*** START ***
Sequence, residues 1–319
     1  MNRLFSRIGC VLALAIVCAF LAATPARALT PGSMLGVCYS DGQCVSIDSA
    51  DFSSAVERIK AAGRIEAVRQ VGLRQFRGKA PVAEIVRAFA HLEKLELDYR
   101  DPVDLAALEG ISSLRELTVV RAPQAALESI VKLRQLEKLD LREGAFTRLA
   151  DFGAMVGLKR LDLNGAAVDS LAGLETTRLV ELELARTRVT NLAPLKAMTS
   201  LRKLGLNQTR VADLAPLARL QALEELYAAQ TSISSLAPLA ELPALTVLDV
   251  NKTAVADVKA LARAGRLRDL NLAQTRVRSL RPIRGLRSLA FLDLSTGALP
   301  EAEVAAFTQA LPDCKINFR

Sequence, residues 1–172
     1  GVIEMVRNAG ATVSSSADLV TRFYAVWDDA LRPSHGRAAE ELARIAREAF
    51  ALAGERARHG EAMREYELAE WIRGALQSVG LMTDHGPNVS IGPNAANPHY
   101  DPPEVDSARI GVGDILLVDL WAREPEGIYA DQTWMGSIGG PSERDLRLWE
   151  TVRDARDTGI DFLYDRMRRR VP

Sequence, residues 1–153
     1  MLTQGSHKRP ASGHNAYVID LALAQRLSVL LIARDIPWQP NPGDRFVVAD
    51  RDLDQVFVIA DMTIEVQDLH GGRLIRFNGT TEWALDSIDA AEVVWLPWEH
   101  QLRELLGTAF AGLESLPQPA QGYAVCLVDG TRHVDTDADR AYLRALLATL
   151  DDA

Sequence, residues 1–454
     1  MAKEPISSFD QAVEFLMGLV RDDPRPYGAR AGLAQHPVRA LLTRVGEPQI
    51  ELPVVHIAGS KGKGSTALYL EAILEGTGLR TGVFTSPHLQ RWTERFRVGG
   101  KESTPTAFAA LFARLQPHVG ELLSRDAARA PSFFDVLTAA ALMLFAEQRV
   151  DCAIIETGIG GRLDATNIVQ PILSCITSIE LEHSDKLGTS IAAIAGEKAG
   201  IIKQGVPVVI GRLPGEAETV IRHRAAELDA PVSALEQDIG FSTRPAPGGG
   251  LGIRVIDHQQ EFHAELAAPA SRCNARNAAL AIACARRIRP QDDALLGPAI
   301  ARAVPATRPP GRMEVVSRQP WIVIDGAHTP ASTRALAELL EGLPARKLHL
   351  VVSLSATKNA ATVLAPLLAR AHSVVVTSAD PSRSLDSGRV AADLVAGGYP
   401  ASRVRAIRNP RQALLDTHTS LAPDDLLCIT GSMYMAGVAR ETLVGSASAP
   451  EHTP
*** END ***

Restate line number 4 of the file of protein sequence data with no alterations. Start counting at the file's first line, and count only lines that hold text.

   101  DPVDLAALEG ISSLRELTVV RAPQAALESI VKLRQLEKLD LREGAFTRLA